A popular post on stress free teacher @stress_freeuk this week was the tweet mentioned in the title. Why was this post so popular? It is a combination of a few things in my opinion. The tweet strikes a chord with so many teachers and educators in the profession today who maybe feeling a little under-appreciated? The education profession is a tough career choice to undertake these days. It is undergoing a serious change both in terms of the curriculum and organisation. Pisa results and Donaldson have had a huge impact on how education is evolving and mutating on the front lines for educators. The goal posts have been moved. A game lots of teachers felt they understood well and were successful in; is not only having the rules changed but also its style of play. What of pupil outcomes? Well they have changed too!
I once sat in a conference in Wales regarding the new Literacy and Numeracy framework that was to be introduced in Wales. In short the expectations of pupils’ attainment were being increased so that the standard Level 4 was being replaced by Level 5 for most pupils. The skills the children were to be taught and experience for each year group would be set against the higher outcomes. A Headteacher turned to me and said,
“It’s like we are asking the children to run a marathon in a set time (Nursery to Y6) and now we expect them to run the marathon in the same time but we’ve added 6 miles on the end of the race!”
This got me thinking and he was absolutely correct. This analogy rings true across the country. We are given targets that some deem to be unrealistic. Of course most educators agree with Donaldson and his vision for what education should be like for our students. As educators we need the proper support structures and resources in place to do so. It’s not unrealistic to ask staff to raise their expectations of pupils if the structure is in place to support such a venture.
Headteachers face the dilemma of making these targets set for pupils a reality and deal with pressures from all angles to raise pupil attainment. Headteachers will tell you that their priority is the pupils of the school. Quite rightly so! I agree! Placed in the same situation a few years back I remember thinking of what is right for the pupils in this situation or in this scenario.
The overall aim should be for pupils to achieve their full potential. I would argue that whilst this needs to be the ‘end goal’ the focus in schools must be placed upon your most valuable resource in the school – the staff.
I read a quote by Richard Branson who said that he doesn’t worry about his clients he worries about his staff. He knows if he looks after his staff that they will in turn take care of the clients. I totally agree with this. Senior leaders need to enthuse motivate and up-skill the staff so that they are able to teach at their full potential. If they are given the tools and knowledge to do so in a supportive and encouraging environment they will in turn do their very best in the classroom and that impact will be transferred from staff to pupils in the classroom.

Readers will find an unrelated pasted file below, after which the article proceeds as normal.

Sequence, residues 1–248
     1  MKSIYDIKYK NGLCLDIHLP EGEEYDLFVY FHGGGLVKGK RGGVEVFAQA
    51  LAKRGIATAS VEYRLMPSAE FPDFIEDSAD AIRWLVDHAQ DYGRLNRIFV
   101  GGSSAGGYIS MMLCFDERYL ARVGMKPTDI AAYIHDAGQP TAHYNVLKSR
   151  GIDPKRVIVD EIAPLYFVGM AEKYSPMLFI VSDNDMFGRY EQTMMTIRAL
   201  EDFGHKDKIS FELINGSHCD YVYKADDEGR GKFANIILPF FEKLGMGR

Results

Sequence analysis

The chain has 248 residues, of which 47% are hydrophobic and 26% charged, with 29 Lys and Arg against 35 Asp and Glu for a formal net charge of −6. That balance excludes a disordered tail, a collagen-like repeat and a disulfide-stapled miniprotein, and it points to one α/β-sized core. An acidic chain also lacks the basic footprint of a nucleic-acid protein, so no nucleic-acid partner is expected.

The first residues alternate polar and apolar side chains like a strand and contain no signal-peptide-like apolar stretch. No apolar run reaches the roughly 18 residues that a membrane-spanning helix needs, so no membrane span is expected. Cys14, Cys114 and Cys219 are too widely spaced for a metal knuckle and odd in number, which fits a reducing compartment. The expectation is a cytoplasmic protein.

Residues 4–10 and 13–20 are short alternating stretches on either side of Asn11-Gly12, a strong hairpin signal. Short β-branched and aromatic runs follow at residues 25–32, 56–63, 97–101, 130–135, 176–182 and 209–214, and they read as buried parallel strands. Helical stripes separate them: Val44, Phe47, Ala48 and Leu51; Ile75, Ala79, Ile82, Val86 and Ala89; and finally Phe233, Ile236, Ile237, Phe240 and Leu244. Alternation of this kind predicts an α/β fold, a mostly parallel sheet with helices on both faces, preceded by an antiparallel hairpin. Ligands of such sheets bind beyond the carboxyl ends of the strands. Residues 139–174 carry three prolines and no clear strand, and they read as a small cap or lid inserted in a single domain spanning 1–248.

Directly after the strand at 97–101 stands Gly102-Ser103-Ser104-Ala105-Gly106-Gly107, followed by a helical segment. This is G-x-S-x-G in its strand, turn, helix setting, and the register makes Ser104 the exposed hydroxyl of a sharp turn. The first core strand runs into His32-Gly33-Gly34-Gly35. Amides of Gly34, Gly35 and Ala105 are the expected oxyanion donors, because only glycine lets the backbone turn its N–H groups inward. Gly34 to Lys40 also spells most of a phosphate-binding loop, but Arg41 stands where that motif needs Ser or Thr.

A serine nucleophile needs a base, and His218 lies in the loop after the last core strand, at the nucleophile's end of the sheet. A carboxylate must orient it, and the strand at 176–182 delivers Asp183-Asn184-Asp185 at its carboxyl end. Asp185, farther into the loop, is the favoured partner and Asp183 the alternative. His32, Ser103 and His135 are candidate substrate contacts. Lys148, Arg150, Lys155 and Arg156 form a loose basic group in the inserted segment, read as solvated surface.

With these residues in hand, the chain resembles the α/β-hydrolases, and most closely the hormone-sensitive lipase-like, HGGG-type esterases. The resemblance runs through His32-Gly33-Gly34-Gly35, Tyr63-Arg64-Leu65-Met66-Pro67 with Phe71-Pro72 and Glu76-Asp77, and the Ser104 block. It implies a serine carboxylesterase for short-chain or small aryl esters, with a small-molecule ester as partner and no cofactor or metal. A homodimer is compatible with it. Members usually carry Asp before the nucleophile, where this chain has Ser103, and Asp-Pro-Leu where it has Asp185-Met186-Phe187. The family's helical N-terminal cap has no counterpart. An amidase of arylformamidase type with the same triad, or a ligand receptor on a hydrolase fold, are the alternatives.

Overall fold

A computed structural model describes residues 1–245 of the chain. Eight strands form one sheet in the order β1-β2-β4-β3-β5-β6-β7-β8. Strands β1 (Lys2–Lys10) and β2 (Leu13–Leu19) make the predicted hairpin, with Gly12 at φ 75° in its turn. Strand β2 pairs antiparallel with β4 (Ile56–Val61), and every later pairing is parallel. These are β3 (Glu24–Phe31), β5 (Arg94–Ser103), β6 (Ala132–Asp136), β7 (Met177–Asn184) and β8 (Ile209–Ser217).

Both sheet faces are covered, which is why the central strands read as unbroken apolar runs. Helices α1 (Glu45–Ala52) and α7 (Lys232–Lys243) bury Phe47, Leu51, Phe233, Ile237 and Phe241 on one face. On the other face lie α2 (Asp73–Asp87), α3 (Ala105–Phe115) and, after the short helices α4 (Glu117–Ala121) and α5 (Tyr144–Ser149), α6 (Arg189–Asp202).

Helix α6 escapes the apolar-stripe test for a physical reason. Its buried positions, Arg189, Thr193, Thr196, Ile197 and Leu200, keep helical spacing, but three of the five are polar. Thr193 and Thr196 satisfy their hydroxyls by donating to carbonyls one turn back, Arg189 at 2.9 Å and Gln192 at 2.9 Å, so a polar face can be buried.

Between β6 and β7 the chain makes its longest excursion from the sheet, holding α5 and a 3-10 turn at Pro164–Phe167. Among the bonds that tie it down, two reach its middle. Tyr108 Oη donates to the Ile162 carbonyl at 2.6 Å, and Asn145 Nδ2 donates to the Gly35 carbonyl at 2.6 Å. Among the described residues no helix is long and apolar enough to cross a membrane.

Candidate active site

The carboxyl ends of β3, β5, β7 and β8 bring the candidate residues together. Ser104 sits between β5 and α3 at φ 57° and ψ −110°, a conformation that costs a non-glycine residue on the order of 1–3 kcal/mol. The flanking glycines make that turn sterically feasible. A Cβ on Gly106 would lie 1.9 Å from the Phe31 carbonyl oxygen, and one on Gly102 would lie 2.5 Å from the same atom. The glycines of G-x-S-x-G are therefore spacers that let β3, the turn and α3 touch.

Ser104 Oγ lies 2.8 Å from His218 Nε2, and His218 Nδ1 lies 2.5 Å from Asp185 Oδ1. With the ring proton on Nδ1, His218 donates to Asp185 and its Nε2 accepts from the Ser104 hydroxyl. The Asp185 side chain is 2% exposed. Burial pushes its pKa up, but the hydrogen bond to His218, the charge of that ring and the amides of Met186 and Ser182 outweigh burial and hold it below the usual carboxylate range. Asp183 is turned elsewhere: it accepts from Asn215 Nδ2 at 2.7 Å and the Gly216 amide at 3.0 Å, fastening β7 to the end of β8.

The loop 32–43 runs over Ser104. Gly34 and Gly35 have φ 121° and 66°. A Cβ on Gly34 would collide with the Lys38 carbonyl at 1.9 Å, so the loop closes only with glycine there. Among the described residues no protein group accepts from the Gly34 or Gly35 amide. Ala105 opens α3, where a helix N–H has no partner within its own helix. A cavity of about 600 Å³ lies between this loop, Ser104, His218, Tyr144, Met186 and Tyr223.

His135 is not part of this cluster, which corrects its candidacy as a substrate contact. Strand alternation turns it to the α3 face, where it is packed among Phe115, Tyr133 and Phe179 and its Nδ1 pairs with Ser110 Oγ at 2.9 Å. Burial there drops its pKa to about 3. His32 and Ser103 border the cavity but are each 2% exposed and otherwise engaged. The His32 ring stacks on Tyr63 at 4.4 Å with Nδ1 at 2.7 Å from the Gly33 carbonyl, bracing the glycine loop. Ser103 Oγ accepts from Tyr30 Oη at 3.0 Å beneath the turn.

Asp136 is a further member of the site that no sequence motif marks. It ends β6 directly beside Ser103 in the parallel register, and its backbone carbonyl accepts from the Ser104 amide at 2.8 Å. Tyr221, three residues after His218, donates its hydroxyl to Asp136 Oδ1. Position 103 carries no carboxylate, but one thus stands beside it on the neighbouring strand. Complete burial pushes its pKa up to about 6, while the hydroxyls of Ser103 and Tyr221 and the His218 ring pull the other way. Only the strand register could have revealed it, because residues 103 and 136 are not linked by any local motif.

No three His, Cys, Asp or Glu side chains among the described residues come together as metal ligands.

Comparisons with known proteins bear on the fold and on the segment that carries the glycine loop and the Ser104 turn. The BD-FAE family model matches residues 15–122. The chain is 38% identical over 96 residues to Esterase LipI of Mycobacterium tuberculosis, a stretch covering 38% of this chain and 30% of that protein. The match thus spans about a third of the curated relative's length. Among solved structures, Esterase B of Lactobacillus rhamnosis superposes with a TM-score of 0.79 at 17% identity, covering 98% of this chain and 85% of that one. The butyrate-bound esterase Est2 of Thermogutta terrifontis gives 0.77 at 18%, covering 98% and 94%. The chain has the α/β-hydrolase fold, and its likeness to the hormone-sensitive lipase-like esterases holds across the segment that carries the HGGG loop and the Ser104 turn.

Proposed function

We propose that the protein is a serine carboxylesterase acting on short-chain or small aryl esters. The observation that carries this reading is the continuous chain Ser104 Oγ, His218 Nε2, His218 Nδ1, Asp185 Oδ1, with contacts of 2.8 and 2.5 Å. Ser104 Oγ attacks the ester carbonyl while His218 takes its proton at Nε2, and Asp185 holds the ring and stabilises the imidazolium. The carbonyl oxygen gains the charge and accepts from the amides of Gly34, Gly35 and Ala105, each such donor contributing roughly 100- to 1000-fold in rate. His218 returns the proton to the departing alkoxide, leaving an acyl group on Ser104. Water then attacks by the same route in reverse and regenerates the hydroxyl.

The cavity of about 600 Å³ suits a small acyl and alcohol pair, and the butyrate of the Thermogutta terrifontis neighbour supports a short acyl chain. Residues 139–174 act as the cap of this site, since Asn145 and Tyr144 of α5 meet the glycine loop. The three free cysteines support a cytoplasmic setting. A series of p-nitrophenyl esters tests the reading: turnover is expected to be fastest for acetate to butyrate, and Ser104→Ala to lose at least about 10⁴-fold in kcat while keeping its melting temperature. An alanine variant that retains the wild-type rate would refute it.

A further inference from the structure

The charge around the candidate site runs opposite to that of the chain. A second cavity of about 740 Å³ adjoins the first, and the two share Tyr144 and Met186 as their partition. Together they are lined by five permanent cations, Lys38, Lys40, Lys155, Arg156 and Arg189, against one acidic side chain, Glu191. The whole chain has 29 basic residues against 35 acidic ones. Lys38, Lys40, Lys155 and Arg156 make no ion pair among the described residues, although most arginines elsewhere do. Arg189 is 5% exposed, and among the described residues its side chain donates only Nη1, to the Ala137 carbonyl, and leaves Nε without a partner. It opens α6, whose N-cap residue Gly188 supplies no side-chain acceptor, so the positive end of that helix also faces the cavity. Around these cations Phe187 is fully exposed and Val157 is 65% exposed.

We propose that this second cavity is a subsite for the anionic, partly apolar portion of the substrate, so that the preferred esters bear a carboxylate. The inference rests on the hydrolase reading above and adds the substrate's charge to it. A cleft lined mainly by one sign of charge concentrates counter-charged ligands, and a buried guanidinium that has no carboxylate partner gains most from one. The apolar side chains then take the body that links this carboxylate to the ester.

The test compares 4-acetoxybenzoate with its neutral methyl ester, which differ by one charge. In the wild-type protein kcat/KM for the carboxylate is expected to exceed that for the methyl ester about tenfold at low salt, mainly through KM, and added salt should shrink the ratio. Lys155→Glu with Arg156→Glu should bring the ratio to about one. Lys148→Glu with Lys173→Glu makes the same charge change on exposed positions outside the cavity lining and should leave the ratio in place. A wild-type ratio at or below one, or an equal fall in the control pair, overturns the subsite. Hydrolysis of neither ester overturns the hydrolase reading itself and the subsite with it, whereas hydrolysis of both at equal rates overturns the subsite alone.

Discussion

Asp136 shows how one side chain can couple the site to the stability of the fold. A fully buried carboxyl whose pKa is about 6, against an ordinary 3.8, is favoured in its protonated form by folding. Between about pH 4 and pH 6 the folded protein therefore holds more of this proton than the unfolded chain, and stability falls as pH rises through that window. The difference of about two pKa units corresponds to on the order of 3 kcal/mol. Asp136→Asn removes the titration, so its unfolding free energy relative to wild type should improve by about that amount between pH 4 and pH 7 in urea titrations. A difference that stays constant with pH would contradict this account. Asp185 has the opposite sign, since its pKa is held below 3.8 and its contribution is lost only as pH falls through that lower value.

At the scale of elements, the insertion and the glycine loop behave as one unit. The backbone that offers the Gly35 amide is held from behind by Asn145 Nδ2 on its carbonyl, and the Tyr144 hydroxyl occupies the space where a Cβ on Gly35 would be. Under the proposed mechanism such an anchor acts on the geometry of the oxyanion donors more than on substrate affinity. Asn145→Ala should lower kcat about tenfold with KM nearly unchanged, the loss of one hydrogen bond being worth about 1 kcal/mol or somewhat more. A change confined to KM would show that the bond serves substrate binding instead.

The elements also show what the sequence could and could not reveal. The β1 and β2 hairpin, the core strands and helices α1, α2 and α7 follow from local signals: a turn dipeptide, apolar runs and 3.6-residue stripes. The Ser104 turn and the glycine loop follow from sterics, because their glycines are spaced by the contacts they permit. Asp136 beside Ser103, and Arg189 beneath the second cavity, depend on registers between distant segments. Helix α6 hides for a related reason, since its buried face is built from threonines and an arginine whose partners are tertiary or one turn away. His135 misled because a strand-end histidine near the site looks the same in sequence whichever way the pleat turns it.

How do we foster this in our teachers?
- Encourage teachers to take risks
- Encourage staff to work together (provide the time)
- Encourage the staff to share good practise (non formal initially) with each other
- Allow staff to take ownership over initiatives and ideas
- Encourage creativity and guide and support when necessary
- Praise and reward initiative and collaboration of staff
- Praise and reward the hard work staff provide for the school (even the quite ones)
What will dampen spirits and kill moral and motivation?
- Praising a teacher for good practise when others know they are not following policy / procedure
- Not allowing staff to be creative or take risks.
- Dictating to staff how and when they teach the children (taking away professionalism)
- Treating staff as individuals (particularly those struggling)
- Focussing on the bigger picture without putting support structures in place.
- Not praising or rewarding staff that have gone the extra mile for the school.
- Not praising or rewarding – even recognising those quiet teachers that give their all 100% of the time.
When asked in an interview up and down the country for a teaching role: what does excellent teaching and learning look like? These are some of the things that may be mentioned:
- Happy pupils who are motivated!
- Collaboration of pupils,
- Independent learning,
- Pupils focussed on tasks!
- Resources being used effectively!
- A range of strategies being used!
- Pupil engagement high!
- Teacher as a facilitator of learning!
- Confident pupils!
- Children achieving full potential!
If I was Headteacher of your school these things are the same things I would like my staff to display around the school. Happy, motivated, confident, working together, resources being used effectively etc. The principles are the same. What we want for our pupils are the same principles we should want for our staff. If we give the staff the tools to display these qualities in our schools they in turn will radiate this in front of the pupils who in turn will create an ethos or environment conducive to effective teaching and learning.
Let’s ask ourselves not what do our pupils need but what will make our teachers come alive? Because what all our schools need is teachers that have come alive!
Until next time,
Stress Free Teacher